As Numajiri and colleagues mentioned in their discussion, there are a few important limitations to this study. Among them, several questions can be posed for future studies. Since U-VATS was introduced after the H/M VATS, we should consider the potential existence of the learning curve. Thus, in this institution, U-VATS was performed by experienced thoracic surgeons who could already perform H/M VATS, which should be considered when interpreting the results of this study. Furthermore, U-VATS is technique sensitive; however, it was associated with a significantly shorter operating time, postoperative drainage days, and postoperative hospital stays than in H/M VATS in the study. Nevertheless, the reason for this association was not discussed in detail in the discussion section.

Robot-assisted thoracic surgery (RATS) is also a minimally invasive technique. In Japan, RATS was first covered by government insurance for malignant pulmonary and mediastinal tumors in 2018 and its indication has since expanded to include segmentectomy for malignant pulmonary tumors. Nowadays, many thoracic surgeons have tended to use RATS as a minimally invasive method because a surgical robot supplements the disadvantages of conventional endoscopic surgery, such as markedly free movement of joint-equipped robotic forceps (3). There are various studies comparing RATS and VATS in terms of their safety and efficacy (15,16), but many thoracic surgeons believe that uniportal RATS could be the next promising procedure in thoracic surgery.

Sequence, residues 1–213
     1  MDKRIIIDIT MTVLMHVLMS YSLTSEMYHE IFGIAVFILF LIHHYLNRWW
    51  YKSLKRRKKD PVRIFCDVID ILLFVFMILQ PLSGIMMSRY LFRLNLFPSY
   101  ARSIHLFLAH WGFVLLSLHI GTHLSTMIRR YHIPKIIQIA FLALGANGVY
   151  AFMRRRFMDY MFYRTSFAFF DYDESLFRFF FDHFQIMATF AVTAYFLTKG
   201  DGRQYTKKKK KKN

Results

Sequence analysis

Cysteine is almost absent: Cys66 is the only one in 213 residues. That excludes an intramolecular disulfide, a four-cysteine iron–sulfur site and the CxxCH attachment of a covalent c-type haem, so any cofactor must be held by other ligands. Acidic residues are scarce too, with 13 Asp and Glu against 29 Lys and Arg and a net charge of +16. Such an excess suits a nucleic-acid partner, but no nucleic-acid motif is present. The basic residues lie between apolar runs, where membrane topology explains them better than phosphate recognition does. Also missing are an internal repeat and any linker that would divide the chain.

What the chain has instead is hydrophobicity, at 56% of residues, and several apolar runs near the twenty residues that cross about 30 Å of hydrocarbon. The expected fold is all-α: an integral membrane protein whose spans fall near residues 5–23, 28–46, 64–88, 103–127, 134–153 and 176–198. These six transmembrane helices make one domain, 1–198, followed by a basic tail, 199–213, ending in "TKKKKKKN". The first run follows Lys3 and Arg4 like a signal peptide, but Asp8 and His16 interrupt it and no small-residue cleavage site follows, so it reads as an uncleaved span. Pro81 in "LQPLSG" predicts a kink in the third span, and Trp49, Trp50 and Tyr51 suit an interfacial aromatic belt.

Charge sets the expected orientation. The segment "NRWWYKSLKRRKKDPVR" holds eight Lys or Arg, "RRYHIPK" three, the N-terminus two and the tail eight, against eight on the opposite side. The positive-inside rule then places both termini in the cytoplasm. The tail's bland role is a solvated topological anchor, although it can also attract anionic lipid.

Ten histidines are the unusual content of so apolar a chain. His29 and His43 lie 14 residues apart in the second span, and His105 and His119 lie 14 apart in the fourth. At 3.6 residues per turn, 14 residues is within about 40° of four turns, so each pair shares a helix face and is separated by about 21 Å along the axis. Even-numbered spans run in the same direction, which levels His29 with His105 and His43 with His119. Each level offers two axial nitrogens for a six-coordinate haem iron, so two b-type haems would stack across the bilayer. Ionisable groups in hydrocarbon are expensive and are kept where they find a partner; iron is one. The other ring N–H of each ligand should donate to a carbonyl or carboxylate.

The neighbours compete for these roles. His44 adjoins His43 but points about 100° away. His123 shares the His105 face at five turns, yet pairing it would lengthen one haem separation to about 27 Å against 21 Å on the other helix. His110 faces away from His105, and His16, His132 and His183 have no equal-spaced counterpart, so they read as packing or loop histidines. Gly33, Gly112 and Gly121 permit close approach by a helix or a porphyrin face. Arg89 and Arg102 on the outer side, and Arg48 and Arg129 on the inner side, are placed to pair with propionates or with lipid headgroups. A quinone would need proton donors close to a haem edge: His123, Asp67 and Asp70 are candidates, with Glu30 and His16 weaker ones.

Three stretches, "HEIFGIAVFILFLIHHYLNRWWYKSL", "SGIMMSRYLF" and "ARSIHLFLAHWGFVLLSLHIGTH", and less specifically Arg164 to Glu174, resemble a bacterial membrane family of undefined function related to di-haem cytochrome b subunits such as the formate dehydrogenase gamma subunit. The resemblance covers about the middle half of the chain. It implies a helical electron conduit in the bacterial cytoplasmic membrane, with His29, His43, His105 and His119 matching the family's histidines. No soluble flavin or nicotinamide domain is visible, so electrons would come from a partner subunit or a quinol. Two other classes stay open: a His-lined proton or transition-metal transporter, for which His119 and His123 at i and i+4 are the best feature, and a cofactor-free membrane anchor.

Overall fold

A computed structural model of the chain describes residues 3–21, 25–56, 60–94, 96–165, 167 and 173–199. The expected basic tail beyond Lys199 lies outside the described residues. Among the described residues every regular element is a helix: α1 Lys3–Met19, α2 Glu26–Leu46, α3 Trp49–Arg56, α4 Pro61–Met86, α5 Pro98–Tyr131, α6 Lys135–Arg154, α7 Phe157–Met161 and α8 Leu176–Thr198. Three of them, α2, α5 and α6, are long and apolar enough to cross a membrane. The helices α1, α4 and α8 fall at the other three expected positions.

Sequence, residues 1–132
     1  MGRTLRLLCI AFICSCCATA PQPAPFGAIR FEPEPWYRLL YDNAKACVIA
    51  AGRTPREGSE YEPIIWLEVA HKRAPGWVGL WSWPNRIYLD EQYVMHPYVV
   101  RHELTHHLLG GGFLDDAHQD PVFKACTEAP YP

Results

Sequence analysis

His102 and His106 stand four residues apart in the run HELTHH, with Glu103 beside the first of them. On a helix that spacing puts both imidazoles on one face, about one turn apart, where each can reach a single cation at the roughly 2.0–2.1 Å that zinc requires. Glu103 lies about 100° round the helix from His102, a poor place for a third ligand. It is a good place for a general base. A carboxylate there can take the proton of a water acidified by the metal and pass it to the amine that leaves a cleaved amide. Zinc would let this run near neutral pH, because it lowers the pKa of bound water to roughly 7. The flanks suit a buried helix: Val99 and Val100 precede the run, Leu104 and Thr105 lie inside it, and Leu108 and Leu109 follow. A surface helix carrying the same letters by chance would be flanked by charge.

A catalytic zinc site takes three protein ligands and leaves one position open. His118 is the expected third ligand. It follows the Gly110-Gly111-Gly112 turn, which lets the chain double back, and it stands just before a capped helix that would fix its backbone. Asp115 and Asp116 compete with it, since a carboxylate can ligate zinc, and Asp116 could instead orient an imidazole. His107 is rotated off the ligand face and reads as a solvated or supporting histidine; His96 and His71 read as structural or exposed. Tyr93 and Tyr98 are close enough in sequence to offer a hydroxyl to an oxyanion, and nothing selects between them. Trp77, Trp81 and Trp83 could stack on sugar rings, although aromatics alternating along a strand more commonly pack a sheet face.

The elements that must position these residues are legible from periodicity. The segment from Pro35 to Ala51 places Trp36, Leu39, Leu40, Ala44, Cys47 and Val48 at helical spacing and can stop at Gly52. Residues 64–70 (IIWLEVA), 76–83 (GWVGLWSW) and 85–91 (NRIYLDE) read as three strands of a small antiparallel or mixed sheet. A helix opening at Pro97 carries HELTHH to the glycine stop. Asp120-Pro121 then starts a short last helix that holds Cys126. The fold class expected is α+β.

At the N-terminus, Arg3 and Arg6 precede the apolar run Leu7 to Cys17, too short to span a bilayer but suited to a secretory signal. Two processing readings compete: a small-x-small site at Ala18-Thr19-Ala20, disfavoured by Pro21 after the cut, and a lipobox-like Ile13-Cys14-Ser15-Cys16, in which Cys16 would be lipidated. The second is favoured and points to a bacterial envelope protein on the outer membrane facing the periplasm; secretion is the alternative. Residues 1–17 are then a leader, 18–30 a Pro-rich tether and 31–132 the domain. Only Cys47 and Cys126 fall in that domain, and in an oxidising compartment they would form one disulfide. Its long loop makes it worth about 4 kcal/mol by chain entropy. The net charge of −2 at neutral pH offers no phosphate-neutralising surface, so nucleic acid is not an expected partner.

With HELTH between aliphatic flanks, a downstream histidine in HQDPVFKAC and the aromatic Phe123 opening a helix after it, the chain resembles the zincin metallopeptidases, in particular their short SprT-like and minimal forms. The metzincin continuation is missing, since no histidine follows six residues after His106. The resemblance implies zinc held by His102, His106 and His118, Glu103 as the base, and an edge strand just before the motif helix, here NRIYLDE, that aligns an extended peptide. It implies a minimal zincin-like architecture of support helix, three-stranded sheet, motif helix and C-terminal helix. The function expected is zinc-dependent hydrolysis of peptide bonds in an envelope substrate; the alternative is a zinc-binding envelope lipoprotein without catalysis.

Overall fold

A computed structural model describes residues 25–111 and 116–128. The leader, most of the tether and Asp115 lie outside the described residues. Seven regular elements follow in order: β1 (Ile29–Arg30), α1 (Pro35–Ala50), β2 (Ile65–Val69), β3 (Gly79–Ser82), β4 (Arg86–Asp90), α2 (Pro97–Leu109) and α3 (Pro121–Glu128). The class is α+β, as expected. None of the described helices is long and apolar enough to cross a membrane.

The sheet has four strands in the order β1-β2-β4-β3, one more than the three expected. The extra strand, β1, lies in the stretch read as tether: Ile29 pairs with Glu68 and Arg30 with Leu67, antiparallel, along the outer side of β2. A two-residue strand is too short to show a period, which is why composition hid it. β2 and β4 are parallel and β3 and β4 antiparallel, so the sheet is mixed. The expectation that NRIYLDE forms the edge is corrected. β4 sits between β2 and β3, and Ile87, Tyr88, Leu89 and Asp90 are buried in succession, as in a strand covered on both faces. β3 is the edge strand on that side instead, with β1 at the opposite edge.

Lastly, Numajiri and colleagues are to be congratulated on their excellent clinical research about the recent successful transition from hybrid to M-VATS and subsequently to U-VATS in their institution. They also showed that U-VATS segmentectomy was performed without significant perioperative issues, including postoperative complication rates, even in cases requiring complex segmentectomy.


Funding: None.


Provenance and Peer Review: This article was commissioned by the editorial office, Journal of Thoracic Disease. The article did not undergo external peer review.

Conflicts of Interest: The author has completed the ICMJE uniform disclosure form (available at TFCY serves as an unpaid editorial board member of Journal of Thoracic Disease. The author has no other conflicts of interest to declare.

Ethical Statement: The author is accountable for all aspects of the work in ensuring that questions related to the accuracy or integrity of any part of the work are appropriately investigated and resolved.

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Cite this article as: Chen-Yoshikawa TF. Is it true that less is more in thoracic surgery? J Thorac Dis 2022;14(10):3674-3676. doi: 10.21037/jtd-22-951